This short game is quite simple: you have one hour to gather your fighters before a fight with those strange entities is about to break out, and fight them. Unlike Autumn's other time/resource-management-gameplay games, you are able to interact with (and potentially recruit) every named individuals: your twin brother who's annoyed by you derailing his party and would only relent to help with threats, your (maybe more/less) ex who's witnessed your powers before and know you mean business, the social butterfly who's just a school acquaintance and is really into that one old book series, and the underprivilege gifted kid who is a loner. Whether you convince them is a different story...
When you have recruited your agent(s) - you need at least one - you wait until the clock strikes 8 to run fight those strange entities. Follows a turn-based beat-em-up fight against one entity, (Spoiler - click to show)revealing two endings: one failure where you are saved and told you require more training*, one winning where you realise there will be more fights ahead.
*This was an interesting ending, teasing something a bit ominous, maybe an experiment?
The game feels more of a preview of a larger one, where you'd follow Lyra as she takes on fighting different entities, and save the world (or maybe not...) (and maybe explore that past incident?). But considering it was constrained to a 4h deadline for writing and coding, it is an impressive rounded piece on its own.
Even with its limited sizes, there are a handful of Easter Eggs from Autumn's previous work: referencing A Paradox Between Worlds in the book Cy is reading or during your conversation with Cassie (she is a big fan!) (also Cassie's name feels very APBW too), the mentions of DNA-storage/archiving mechanism from The Archivist & the Revolution*... Also the recurrent theme of the main character not liking being around crowd/attending parties (very Karen from Pageant vibes).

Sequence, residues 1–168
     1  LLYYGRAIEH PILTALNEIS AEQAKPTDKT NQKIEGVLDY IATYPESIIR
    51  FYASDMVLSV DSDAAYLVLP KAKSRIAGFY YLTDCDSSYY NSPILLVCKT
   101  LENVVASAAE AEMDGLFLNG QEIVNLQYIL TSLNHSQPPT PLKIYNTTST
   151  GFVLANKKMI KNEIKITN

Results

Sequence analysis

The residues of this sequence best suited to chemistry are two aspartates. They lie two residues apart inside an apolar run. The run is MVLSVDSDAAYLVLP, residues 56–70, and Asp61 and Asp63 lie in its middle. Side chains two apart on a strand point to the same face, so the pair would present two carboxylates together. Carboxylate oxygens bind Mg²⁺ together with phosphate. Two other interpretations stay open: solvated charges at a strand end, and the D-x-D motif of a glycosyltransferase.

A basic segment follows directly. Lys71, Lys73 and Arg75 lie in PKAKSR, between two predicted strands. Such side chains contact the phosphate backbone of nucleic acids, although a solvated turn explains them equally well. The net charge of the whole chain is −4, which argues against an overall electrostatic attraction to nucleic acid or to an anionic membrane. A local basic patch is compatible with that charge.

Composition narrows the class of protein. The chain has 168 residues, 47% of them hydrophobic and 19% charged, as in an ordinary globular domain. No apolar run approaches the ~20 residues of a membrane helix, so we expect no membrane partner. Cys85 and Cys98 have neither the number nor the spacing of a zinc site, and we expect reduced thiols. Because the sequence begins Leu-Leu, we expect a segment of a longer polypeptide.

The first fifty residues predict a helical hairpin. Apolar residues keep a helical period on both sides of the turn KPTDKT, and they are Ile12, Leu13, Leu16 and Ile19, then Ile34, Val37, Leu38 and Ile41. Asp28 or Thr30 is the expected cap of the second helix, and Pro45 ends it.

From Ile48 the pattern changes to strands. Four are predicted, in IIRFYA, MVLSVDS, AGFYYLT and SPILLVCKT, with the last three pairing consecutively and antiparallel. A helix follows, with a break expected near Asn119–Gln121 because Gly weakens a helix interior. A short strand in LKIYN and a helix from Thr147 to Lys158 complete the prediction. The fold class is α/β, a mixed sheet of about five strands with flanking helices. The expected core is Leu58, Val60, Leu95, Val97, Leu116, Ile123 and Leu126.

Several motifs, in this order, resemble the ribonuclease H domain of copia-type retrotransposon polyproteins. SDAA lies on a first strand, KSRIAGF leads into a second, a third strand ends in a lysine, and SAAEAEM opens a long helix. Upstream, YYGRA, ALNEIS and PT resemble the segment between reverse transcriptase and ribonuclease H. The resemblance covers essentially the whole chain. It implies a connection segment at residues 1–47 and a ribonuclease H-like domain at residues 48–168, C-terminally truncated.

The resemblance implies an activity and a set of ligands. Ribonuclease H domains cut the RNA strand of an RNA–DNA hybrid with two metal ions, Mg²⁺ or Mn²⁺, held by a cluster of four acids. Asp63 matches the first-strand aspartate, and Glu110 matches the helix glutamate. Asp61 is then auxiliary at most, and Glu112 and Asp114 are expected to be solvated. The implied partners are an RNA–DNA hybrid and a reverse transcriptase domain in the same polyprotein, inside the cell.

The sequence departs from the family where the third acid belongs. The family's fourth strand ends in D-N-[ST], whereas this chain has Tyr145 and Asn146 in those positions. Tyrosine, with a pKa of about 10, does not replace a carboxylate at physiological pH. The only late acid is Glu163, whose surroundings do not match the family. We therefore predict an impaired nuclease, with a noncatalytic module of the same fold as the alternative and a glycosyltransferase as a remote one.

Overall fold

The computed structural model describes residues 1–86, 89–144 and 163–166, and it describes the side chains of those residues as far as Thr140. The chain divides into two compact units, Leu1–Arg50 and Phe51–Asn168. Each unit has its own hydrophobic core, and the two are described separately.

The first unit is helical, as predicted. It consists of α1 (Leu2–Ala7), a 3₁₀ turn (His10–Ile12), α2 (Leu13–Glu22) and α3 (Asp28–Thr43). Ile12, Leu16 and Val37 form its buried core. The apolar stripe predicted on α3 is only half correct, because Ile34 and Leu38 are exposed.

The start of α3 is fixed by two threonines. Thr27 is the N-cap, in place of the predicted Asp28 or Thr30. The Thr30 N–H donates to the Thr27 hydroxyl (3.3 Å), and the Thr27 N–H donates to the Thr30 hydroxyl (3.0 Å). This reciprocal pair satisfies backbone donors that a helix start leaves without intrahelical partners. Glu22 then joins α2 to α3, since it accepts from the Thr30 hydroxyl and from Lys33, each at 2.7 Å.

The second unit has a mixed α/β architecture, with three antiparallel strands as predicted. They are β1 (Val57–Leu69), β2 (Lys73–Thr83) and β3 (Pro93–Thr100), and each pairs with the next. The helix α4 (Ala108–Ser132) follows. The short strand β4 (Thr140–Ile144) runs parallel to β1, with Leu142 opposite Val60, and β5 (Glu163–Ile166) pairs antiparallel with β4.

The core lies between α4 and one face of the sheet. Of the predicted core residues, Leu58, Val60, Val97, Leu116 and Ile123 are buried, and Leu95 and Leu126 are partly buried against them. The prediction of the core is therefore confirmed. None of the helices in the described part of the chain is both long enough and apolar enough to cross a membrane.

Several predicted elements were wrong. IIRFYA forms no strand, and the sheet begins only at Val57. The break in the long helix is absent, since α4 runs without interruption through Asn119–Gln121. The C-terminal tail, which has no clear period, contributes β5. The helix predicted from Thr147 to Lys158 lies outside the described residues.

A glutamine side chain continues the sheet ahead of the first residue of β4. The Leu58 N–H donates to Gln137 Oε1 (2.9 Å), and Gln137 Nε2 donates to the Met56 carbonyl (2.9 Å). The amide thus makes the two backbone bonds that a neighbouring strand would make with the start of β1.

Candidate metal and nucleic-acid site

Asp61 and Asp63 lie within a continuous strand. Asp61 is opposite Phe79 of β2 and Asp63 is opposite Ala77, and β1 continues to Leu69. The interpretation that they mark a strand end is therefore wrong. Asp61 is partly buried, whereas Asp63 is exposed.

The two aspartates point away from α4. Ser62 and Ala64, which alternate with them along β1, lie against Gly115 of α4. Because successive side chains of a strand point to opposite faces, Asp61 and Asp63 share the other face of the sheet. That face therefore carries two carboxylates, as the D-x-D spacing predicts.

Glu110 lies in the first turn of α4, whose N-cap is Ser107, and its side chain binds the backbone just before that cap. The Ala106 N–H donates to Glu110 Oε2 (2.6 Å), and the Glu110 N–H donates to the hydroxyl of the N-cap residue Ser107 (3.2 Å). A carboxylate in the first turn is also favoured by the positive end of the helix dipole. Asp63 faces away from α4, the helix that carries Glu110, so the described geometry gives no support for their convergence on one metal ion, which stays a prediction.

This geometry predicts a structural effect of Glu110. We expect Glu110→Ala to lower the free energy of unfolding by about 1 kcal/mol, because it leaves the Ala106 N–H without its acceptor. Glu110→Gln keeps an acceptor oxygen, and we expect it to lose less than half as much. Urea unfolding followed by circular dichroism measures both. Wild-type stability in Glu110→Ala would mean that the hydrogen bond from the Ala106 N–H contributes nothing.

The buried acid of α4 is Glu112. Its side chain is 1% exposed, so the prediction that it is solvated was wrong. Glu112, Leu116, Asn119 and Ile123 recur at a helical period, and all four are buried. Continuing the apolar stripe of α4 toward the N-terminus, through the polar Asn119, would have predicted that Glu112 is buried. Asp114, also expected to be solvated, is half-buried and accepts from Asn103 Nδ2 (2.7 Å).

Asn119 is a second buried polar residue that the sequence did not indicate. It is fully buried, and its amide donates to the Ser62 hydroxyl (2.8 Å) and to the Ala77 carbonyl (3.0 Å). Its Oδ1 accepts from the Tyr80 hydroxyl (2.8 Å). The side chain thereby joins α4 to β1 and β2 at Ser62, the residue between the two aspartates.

*If the names of some of those characters are familiar, it's because they appear in documents of TA&R, making this game some sort of the latter's prequel...
Final note: only when writing this review did I realise that all characters were named after a constellation... and that is also related to the title...
This is a speed-IF written in 4 hours or less. It's written using Dendry.
Basically, you're at a party and need to assemble a party of fighters to take on a coming entity. You have both telepathy and future-telling abilities. You can use your telepathy to talk to others and know what type of arguments will convince them most.
There's still some puzzle elements, despite the mind-reading, as you have to figure out how best to implement what you learn. I always liked Divination specialists in D&D and this game seems to show exactly why being skilled in information gathering would be an excellent power.
This story is brief, but has easter eggs from the author's other works, including A Paradox Between Worlds (referenced in on friends' costume and favorite book series), and The Archivist and the Revolution, referenced in encoding data in DNA.
|(almost eleven), by spacedfoxes|
Average member rating: (4 ratings)
an interactive prose poem about breaking up with a friend, written for the neo twiny jam. content warnings: mentions (very) vague references to queerphobia
Eruption, by Richard Bos
Average member rating: (14 ratings)
You have just woken up, in a cave, with a hangover, and something is rumbling. And it isn't your stomach.
|idle hands, by Sophia de Augustine|
Average member rating: (3 ratings)
a 500 word piece of idolatrous devil-fucking dynamic fiction. Proverbs 16:27: Idle hands are the devil’s workshop, idle lips are his mouthpiece. made for the neotwinyjam.